b the assessment is framed and the Assessing Officer makes certain addition or disallowance and in making such additions or disallowances, he deals with such item or items of income in the body of order of assessment but he under assessed such sums ; u/s 251 (1) (a) where the Assessing Officer had dealt with the issue in the assessment and was the subject-matter of appeal
c AO makes no addition in respect of some of the items, though in the course of hearing before him holds a discussion of such items of income U/s 263 of the act
d where the Assessing Officer inadvertently omits to tax an amount which ought to have been taxed and in respect of which he does not make any enquiry u/s 147 of the act
e where an item or items of income or expenditure, incurred and claimed is not at all considered and an assessment is framed, as a result thereof, a prejudice is caused to the Revenue, U/s 263 of the act
f where an item of income which ought to have been taxed remained untaxed, and there is an escapement of income, as a result of the assessee’s failure to disclose fully and truly all material facts necessary for computation of income u/s 147 of the act

6. The high court has technically held that for the matters which are not emanating from the Assessment Order, the CIT(A) can neither be allowed to step into the shoes of the AO to tax the escaped income which can otherwise be taxed u/s 147 nor be allowed to step into the shoes of the PCIT to tax items which can otherwise be covered u/s 263 of the Act.

7. The court has held that CIT(A) should not travel beyond the subject matter of the Assessment while enhancing the Assessment within the meaning of Section 251(1)(a) of the Act. The main logic behind the above interpretation is inspired from the interpretation adopted by the Supreme Court in the case of CIT v. Rai Bahadur Hardutroy Motilal Chamaria [3] to the corresponding provision under the old Income-tax Act, 1922. The SC has held that –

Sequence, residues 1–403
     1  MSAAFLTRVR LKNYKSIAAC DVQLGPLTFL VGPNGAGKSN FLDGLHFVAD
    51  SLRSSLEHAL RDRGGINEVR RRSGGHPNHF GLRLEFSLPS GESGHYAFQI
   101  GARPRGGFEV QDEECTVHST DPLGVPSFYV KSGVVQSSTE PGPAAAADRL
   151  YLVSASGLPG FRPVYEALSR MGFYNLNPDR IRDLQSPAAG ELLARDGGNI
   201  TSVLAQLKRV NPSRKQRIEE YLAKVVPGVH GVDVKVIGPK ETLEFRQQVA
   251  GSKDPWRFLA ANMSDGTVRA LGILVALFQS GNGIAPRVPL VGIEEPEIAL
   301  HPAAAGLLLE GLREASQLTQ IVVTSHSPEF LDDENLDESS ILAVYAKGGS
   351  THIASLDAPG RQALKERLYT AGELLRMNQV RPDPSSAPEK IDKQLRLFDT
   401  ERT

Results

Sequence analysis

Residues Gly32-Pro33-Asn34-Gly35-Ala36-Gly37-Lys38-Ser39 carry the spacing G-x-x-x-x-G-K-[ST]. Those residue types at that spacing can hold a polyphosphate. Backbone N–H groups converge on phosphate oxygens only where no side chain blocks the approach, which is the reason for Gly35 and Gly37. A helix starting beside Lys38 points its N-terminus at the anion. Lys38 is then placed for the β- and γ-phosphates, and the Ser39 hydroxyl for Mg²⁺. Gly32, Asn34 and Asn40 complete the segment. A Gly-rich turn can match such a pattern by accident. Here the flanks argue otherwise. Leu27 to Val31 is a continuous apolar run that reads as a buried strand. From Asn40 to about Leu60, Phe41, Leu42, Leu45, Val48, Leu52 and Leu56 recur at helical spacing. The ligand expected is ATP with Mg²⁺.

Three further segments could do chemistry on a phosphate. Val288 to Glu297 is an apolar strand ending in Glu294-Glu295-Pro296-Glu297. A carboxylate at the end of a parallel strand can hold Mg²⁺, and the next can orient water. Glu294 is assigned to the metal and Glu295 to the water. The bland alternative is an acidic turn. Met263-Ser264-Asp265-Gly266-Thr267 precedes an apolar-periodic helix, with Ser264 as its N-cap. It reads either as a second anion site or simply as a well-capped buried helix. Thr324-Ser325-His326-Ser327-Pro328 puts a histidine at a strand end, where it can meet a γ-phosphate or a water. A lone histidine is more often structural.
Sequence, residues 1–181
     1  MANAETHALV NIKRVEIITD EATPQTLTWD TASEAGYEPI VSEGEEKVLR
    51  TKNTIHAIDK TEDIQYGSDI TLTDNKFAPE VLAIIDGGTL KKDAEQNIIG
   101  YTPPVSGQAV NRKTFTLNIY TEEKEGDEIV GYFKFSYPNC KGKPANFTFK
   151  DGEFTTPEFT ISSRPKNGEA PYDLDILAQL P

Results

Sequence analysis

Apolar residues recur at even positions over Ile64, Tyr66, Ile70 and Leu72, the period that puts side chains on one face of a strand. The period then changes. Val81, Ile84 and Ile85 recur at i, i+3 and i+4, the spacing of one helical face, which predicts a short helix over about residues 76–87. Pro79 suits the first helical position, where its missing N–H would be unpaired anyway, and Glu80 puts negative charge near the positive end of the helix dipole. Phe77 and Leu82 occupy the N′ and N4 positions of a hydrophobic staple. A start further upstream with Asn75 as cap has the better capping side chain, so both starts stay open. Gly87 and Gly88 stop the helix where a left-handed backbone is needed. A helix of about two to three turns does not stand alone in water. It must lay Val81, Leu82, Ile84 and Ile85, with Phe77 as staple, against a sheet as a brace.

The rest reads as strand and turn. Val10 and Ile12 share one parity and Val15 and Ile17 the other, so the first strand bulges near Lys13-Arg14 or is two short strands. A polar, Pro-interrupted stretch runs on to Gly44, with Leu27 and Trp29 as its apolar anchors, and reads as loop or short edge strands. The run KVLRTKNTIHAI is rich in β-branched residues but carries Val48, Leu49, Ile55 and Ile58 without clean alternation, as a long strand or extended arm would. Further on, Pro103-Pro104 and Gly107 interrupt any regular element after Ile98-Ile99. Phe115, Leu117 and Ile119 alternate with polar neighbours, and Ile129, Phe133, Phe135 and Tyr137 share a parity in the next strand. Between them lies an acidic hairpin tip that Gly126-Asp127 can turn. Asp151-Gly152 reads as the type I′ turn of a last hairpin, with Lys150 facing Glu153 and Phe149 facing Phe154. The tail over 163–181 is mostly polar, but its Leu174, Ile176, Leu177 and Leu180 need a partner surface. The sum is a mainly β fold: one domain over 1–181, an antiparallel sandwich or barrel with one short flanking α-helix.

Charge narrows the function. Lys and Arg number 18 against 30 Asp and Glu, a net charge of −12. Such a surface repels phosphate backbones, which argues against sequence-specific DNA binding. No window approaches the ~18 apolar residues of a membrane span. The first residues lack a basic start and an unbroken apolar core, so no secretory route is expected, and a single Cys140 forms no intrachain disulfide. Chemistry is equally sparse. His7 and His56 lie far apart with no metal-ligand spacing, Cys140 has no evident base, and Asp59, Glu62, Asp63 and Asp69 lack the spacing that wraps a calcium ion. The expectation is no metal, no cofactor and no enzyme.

“The principle that emerges as a result of the authorities of this court is that the Appellate Assistant Commissioner has no jurisdiction, under section 31(3) of the Act, to assess a source of income which has not been processed by the Income-tax Officer and which is not disclosed either in the returns filed by the assessee or in the assessment order, and, therefore, the Appellate Assistant Commissioner cannot travel beyond the subject-matter of the assessment. In other words, the power of enhancement under section 31(3) of the Act is restricted to the subject-matter of assessment or the sources of income which have been considered expressly or by clear implication by the Income-tax Officer from the point of view of the taxability of the assessee. ……………….. But since the Income-tax Officer has not applied his mind to the question of the taxability or non-taxability of the amount of ₹ 5,85,000 the Appellate Assistant Commissioner had no jurisdiction, in the circumstances of the present case, to enhance the taxable income of the assessee on the basis of this amount of ₹ 5,85,000 or of any portion thereof. As we have already stated, it is not open to the Appellate Assistant Commissioner to travel outside the record, i.e., the return made by the assessee or the assessment order of the Income-tax Officer with a view to find out new sources of income and the power of enhancement under section 31(3) of the Act is restricted to the sources of income which have been the subject matter of consideration by the Income-tax Officer from the point of view of taxability. In this context ‘consideration’ does not mean ‘incidental’ or ‘collateral’ examination of any matter by the Income tax Officer in the process of assessment. There must be something in the assessment order to show that the Income-tax Officer applied his mind to the particular subject-matter or the particular source of income with a view to its taxability or to its non taxability and not to any incidental connection…… In the present case, it is manifest that the Income-tax Officer has not considered the entry of ₹ 5,85,000 from the points of view of its taxability and, therefore, the Appellate Assistant Commissioner had no jurisdiction in an appeal under section 31 of the Act, to enhance the assessment.”